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The tear-drop-shaped formations in the background when the ship is taking off from a rocky planet are based on Roger Dean's cover for the live album "Yessongs" (1973) by the rock band Yes.
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After the premiere of the movie, E! cable channel produced a mockumentary about it, where the cast were keep in their characters talking about the fictional television series and its impact on society, in addition to show comments of fans and conventions about the series. The mockumentary was finally released in 2019, matching the movie's 20th anniversary, under the title of "Galaxy Quest 20th Anniversary: The Journey Continues".
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During the period of filming, the entire cast of the movie attended a 20th Anniversary screening of Alien (1979). After filming completed, Sigourney Weaver keep the wig she wore for her role as Gwen DeMarco/Tawny Madison.
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The ship's computer voice reports an error as "Memory check-sum invalid". "Check-sum" is an actual method of mathematically validating computer data.
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There is an oft-repeated claim that some Americans in the late 1960s, believing that the sitcom Gilligan's Island (1964) was a true story, attempted to organize a rescue for the castaways. A moment in this film lampoons that story by having the Thermians believe the show was true.
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The control labels on the engine core control panel include "General Purpose Computer", and "MKL" (a real computer acronym for "Math Kernel Library").
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Paul Rudd auditioned for a role, while David Alan Grier was the second choice for Tommy Webber, and Jennifer Coolidge for Laliari.
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Stan Winston's crew built the Thermians--five large, brightly colored, cable-operated silicone puppets--separately molding forty-five tentacles for each one. The puppets were built, and painted. Performance was rehearsed and ready. And with only two weeks remaining before they were to be taken to the set for filming, Stan received a call from Steven Spielberg, saying he was not sure about the Thermian design. Upon review, Spielberg had decided that they were too bizarre, that they should look more humanoid, like the aliens in Close Encounters of the Third Kind (1977).
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The second feature film from director Dean Parisot, whose first television directing gig was the episode of "Reading Rainbow" in which host LeVar Burton takes the viewers behind the scenes of Star Trek: The Next Generation (1987).
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Commander Peter Quincy Taggart is named for to Peter Quince in William Shakespeare's comedy "A Midsummer Night's Dream".
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When the Thermians run, in their silver suits and moving their arms up and down in front of them, and with stiff legs in an awkward gait, they appear to paying homage to the space aliens from the classic Invaders from Mars (1953).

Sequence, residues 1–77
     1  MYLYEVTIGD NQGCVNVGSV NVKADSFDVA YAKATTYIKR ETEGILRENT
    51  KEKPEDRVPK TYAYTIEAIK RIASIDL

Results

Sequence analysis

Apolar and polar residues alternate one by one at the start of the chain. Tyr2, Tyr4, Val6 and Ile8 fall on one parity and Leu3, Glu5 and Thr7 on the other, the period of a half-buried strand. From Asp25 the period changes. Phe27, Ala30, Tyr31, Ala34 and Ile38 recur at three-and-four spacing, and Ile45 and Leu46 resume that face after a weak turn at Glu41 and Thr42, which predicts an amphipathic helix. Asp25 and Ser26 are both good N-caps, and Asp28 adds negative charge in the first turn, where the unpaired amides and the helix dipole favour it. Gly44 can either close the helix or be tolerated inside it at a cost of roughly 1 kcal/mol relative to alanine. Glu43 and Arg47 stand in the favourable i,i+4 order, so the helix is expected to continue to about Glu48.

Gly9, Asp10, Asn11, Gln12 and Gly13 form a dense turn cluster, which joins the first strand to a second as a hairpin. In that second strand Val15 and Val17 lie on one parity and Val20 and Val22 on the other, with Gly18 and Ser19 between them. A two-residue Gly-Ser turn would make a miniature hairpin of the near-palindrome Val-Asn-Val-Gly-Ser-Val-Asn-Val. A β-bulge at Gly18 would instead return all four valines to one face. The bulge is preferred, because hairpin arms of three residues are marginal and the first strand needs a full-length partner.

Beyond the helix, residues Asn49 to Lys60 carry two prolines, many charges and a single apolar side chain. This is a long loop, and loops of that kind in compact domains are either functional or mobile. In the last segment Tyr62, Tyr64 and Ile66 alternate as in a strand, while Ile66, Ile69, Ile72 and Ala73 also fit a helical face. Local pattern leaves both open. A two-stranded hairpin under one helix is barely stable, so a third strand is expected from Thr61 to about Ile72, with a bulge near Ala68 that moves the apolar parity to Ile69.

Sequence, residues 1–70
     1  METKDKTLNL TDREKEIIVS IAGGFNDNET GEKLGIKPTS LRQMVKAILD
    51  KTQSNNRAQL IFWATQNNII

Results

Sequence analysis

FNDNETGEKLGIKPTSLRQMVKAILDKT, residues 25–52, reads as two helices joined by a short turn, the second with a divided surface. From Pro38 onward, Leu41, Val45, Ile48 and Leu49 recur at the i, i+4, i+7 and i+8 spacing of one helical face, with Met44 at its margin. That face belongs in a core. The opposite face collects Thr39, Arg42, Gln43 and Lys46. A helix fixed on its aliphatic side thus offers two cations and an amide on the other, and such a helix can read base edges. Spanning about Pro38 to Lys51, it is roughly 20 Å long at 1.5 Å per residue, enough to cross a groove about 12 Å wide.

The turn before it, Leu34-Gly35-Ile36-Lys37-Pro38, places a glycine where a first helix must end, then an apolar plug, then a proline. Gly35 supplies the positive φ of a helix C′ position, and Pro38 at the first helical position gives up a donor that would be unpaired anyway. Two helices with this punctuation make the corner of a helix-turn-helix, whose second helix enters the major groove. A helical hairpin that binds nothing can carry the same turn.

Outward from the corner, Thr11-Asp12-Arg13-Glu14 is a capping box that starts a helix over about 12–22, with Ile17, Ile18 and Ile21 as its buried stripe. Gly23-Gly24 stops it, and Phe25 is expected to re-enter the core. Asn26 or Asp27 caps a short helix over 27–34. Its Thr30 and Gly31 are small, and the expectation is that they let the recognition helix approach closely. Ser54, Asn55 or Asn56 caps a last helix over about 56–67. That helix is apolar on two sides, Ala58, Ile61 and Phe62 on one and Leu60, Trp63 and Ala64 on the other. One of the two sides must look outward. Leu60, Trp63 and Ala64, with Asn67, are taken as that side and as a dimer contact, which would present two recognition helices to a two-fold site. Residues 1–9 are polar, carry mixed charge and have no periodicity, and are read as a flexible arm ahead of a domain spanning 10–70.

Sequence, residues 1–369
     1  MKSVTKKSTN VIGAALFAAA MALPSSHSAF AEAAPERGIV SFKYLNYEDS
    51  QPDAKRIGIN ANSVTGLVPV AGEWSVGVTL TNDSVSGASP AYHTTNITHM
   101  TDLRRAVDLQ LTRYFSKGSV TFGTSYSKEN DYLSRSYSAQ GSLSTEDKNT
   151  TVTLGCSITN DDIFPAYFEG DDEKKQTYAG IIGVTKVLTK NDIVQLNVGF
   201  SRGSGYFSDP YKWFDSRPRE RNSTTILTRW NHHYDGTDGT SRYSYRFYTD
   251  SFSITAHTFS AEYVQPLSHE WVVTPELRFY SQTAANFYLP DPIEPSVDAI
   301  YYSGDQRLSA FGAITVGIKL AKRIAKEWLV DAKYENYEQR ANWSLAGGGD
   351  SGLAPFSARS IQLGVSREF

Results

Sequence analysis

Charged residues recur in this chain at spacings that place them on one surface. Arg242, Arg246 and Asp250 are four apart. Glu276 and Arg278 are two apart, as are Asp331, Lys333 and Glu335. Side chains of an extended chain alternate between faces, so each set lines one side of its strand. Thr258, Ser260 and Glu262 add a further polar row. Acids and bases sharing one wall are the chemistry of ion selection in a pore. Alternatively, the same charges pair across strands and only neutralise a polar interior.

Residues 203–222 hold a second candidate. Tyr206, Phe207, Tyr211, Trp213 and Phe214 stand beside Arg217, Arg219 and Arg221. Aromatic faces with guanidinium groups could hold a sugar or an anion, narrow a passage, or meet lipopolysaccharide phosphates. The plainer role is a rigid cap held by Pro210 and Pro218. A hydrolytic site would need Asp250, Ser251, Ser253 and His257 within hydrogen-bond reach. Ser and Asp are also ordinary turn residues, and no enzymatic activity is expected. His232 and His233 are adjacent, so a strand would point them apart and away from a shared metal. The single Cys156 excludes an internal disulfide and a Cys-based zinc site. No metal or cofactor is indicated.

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The main characters are clearly based on the main cast members of Star Trek: The Original Series (1966) - Jason Nesmith is obviously William Shatner; Gwen DeMarco is Nichelle Nichols; Alexander Dane is Leonard Nimoy with a little Patrick Stewart (the classically trained thespian who resents being best known for a sci-fi role); Fred Kwan is a mixture of James Doohan and Walter Koenig (an actor playing a fake nationality), though his easygoing attitude is from Doohan and DeForest Kelley; and Tommy Webber is a mixture of George Takei and Wil Wheaton, being a young ethnic minority being the helmsman.
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Tim Allen's appearance, especially his haircut and squared off sideburns, was closely modeled on William Shatner's appearance in Star Trek: The Motion Picture (1979). Also his character's lack of trust with the digital conveyor's technology is reminiscent of Doctor McCoy's comments on the theory behind transporter technology in the same film.
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Guy Fleegman's character name in the Galaxy Quest television series is Crewman No. 6. When the Thermians transport the actors to their ship, he requests to tag along with the five members of the N.S.E.A. Protector crew, therefore making him the sixth crewman also in reality.
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Stan Winston phoned supervisor Shane Mahan with the news. "I remember Stan saying, 'Are you sitting down?' And then he told me what Steven wanted to do. I couldn't believe it. We had gone to so much trouble for these things. And, at this point, we had only two weeks to come up with something entirely new. So I said to Stan: 'Of course, we will do whatever Steven wants. But these things are done, they're great, and I think we should stick with them.' Stan heard me out, and said, 'Okay, let me call Steven back.' I don't know what Stan said to him, but after they talked, Steven decided that the Thermians were probably all right as they were. The Thermians were shot; and, in my opinion, they were just great."